Deep Creek: Finding Hope in the High Country
Winters at 9,000 feet in the Colorado Rockies can bring low temperatures of 35 below zero. (Photo: Pam Houston)
In her new memoir, “Deep Creek,” writer Pam Houston describes finding refuge in a 120-acre ranch high in the Colorado Rockies. As she cares for her Irish wolfhounds, horses, donkeys, and Icelandic sheep through gorgeous summer days and frigid 35-below winters, and marvels at the local wildlife, the ranch serves as her sanctuary after a childhood of abuse and neglect. Pam Houston speaks with Host Bobby Bascomb about how, even as the changing climate threatens to destroy her beloved ranch with wildfire, she aims to “love the damaged world and do what I can to help it thrive.”
CURWOOD: It’s Living on Earth, I’m Steve Curwood.
BASCOMB: And I’m Bobby Bascomb.
Writers have often sought refuge in nature and wilderness. In a vast desert or forest, or looking down at the landscape from a mountain peak, trauma and heartbreak can seem so much more distant, and the burdens of the past easier to carry. For writer Pam Houston salvation came in the form of a 120-acre ranch high in the mountains of Colorado. In her 2019 book “Deep Creek: Finding Hope in the High Country” she chronicles 25 years of winters that bring temperatures as low as 35 below, and smoky summers that threatened her ranch with wildfire. Pam has lived through a lot with the land. And she writes about how the place has gradually helped her heal from childhood sexual abuse she experienced at the hands of her father. Pam Houston joins me now. Welcome to Living on Earth!
HOUSTON: Thank you very much!
BASCOMB: So Pam, first of all, tell me about the ranch that's the focus of your memoir, Deep Creek. How did you find the place nearly 25 years ago, and why did you decide to call that home?
HOUSTON: Well, the ranch is 120 acres in a high mountain meadow at 9000 feet. It's got 13,000-foot mountains on all sides of it; fur and spruce forest and aspen. And I went looking for a place to begin with, because I sold a book of short stories, my first book, when I was still in graduate school, and when I got the check for $21,000, my agent said, Don't spend it all on hiking boots. And that seemed like good solid parenting advice. And so I went driving all over the West looking for a place and I got to Creede, Colorado, which was just the next place on the list. A writer friend of mine, Robert Boswell, had said, check out Creede, I heard it's cool. I got there and looked around at some houses and finally got taken out to this ranch, this 120-acre ranch. And it was the third week of September, and if you can't fall in love with Colorado in the third week of September, you can't fall in love. Because the aspens are changing in giant, undulating swaths of Tequila Sunrise colors all over the hillsides, and the sky is blue and the air is crisp. And here was this place, with this hundred-year-old barn with a big beautiful mountain behind it. And my $21,000 represented 5% down on that place. And the realtor said, You know, I think the widow Blair -- who was selling it -- I think the widow Blair is going to like the idea of you. And if you give me your 5% down and a signed hardcover of Cowboys Are My Weakness, I'll see what I can do.
BASCOMB: [LAUGHS] Now, the third week in September sounds stunning. But then winter comes --
HOUSTON: [LAUGHS] Right?
BASCOMB: -- and winter at 9000 feet is not for the faint of heart, the way you describe it in your book. You describe a scene where you have a really legitimate concern that you might actually get lost in a blizzard between your house and your barn. Tell me what it's like to live there in the winter, and, you know, how you overcame that?
HOUSTON: Well, it is possible; we can get as much as four inches of snow an hour, the record is 76 inches in 24 hours. There are days when the winds are so high and the snow is so thick that I can shovel my way to the barn and get everybody fed, get everybody hay, get everybody water, get everybody their grain. And sometimes my path to the barn is obliterated by the time I do 25 minutes of chores.
BASCOMB: Wow. So what does it entail to own a ranch at 9000 feet in the Rocky Mountains? I mean, this sounds like really hard work.
HOUSTON: Well, um, kind of the biggest thing is the weather. We have drought, we have fire, we have flood, we have blizzard. And then we have so many days that are just so spectacularly beautiful, they make your heart sing. It's a lot about protecting everything from the UV rays, which at 9000 feet are super intense. So if I don't put UV protector all over everything-- house, barn, shop, cabin -- once a year, the sun literally eats the logs away. It's about having backup plans; you know, when the power goes out, I have a good wood stove so I can keep the house warm, even if we lose power and my furnace goes out. It's about having water on hand in case the power goes out, because then the pump fails. You know, it was an amazing learning curve. Because when I came out West and bought the place, I mean, I didn't even know hot water didn't come out of the wall, you know, when you turn the tap on. So it was a lot of learning, a lot of listening to my neighbors, a lot of asking for and accepting help. When I got there, I said, my tasks fell into two categories: the things I didn't know how to do, and the things I didn't even know I didn't know how to do. But somebody would come by and say, when was the last time you protected your logs with that UV protector? And I'd be like, okay, [LAUGHS] UV protector. When was the last time you swept your chimney? So I bought brushes to sweep my chimney. It was 25 years and counting of learning.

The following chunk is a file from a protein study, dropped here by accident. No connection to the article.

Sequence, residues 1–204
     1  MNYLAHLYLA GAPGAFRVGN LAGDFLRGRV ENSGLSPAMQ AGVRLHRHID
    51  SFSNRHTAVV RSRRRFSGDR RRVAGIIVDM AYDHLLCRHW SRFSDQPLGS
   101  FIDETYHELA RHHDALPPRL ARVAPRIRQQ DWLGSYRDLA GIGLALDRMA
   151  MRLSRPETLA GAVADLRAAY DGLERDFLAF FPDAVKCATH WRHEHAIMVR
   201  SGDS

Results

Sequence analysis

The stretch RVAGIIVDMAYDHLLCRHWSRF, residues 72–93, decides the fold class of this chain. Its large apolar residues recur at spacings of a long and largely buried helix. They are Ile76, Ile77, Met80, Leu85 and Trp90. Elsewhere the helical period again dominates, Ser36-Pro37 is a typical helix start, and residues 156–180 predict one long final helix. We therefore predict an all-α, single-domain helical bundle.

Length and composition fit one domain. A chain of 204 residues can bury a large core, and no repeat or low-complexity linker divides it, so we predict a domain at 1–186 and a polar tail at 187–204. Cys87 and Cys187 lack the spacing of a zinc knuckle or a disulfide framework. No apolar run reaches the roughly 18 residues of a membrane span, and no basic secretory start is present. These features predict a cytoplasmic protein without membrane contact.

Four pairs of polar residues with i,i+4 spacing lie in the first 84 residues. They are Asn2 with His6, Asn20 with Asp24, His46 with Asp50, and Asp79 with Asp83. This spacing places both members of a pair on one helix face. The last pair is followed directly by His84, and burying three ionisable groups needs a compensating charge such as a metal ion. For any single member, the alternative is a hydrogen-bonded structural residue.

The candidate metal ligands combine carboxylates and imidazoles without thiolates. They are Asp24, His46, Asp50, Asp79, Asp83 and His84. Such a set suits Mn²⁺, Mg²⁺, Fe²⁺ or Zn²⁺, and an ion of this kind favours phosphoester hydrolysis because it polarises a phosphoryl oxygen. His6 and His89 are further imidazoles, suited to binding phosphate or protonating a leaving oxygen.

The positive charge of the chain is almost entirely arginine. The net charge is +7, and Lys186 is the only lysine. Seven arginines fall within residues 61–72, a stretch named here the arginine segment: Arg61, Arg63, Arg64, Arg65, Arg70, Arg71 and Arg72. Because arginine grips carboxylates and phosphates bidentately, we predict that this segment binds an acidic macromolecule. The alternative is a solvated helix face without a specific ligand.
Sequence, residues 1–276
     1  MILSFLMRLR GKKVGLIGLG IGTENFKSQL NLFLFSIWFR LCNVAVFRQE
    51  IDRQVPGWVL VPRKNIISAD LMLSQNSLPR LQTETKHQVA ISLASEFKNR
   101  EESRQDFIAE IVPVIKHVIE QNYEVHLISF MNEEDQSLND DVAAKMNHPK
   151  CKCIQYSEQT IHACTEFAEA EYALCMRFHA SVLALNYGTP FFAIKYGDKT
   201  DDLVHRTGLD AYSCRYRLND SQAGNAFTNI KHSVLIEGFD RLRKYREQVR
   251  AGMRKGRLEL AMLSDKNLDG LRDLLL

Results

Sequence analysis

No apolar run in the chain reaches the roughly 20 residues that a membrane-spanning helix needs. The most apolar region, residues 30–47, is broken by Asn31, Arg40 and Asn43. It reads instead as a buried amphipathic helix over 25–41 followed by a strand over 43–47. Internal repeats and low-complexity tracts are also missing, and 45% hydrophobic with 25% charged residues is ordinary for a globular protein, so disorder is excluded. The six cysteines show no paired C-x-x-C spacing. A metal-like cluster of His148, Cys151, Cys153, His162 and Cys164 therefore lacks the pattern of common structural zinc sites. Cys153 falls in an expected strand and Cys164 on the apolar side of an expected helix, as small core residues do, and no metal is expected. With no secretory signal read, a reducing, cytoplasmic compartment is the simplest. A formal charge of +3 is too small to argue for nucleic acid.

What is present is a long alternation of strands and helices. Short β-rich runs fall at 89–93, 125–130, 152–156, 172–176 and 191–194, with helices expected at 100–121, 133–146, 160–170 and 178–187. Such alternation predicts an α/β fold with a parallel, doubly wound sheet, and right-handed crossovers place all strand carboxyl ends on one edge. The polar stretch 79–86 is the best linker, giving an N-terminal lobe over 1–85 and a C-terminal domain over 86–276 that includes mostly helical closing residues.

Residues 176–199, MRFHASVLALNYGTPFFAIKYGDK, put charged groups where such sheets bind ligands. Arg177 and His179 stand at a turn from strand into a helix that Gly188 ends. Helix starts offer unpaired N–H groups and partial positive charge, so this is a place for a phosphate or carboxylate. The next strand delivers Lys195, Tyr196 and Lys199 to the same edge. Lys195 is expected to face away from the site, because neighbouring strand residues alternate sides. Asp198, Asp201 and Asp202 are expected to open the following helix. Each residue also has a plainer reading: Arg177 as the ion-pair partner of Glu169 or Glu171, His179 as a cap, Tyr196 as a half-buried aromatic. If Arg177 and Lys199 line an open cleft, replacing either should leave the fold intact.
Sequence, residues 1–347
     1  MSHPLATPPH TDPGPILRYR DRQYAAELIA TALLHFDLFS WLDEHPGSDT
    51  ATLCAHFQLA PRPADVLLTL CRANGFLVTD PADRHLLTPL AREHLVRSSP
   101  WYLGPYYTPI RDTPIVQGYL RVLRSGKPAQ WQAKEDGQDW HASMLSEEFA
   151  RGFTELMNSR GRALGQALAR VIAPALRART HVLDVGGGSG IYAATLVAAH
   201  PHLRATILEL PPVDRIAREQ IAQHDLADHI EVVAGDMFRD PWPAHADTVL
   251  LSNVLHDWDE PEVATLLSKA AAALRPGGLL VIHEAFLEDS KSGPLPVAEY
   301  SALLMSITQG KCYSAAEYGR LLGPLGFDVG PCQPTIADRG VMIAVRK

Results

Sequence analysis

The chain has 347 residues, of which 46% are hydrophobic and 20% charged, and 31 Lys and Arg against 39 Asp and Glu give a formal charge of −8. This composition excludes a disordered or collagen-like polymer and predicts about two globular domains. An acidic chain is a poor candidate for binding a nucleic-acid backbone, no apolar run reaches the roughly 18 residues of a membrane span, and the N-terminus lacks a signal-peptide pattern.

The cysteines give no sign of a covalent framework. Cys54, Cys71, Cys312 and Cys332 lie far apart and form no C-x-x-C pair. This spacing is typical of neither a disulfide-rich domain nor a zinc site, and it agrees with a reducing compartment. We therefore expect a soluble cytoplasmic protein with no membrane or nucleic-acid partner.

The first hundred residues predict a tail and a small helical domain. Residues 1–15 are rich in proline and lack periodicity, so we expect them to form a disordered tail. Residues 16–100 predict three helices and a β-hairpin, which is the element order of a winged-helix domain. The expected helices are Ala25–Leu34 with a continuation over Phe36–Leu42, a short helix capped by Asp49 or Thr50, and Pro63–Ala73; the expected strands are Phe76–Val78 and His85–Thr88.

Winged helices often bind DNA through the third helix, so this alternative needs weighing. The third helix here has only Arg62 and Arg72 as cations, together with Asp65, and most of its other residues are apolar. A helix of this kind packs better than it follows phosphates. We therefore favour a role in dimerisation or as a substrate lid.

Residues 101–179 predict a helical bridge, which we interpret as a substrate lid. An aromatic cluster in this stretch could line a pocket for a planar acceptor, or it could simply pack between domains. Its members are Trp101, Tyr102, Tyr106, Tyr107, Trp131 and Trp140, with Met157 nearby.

BASCOMB: Now, your memoir is really focused on how much the ranch helped you to heal from the traumas of your childhood -- emotional abuse from your mother and sexual abuse from your father. In what ways has your ranch and nature helped you to heal, and why, do you think?
HOUSTON: Well, I was born to two people who, who didn't want to be parents. And I think for some of my life, I thought that was really sad. [LAUGHS] And because I've been a writing teacher for 20 years, I have come to understand that there are many, many things that are sadder than that. But as I wrote the book, and as I talked about my relationship with the ranch and thought about it, and did the kind of deep emotional work one has to do to write a memoir, I really came to understand that my parents' lack of parenting turned me to nature, to look for sustenance and healing and succor, basically. I grew up in an alcoholic home, I grew up in a violent home, my father broke my femur when I was four years old. And I thought he would kill me, most of my life -- most of my young life. But what I did is I went and walked the railroad tracks, or I went and played horses in the woods -- which, meaning, I was the horse, [LAUGHS] running through the woods, and leaping over logs, and hitting myself with my own little crop [LAUGHS] that I broke off a tree branch. And, you know, from the very, very beginning, nature was the place I went to feel better. And when I got into the relationship with the ranch 25 years ago, my idea was to protect it, to save it, to take care of it the way it had taken care of me all my young life. And then, of course, it turned out that learning how to make that commitment and learning how to be responsible to something over a quarter of a century and learning its foibles, and its fragilities, you know, as well as its strengths and its power, gave as much to me as I gave to it. You know, in the end, yeah, I didn't have that kind of nurturing or support as a kid. But I found a way to get in relationship with something else, which at first was just the natural world around me in the places I grew up, but in my later life has become this big, long love affair with this 120 acres.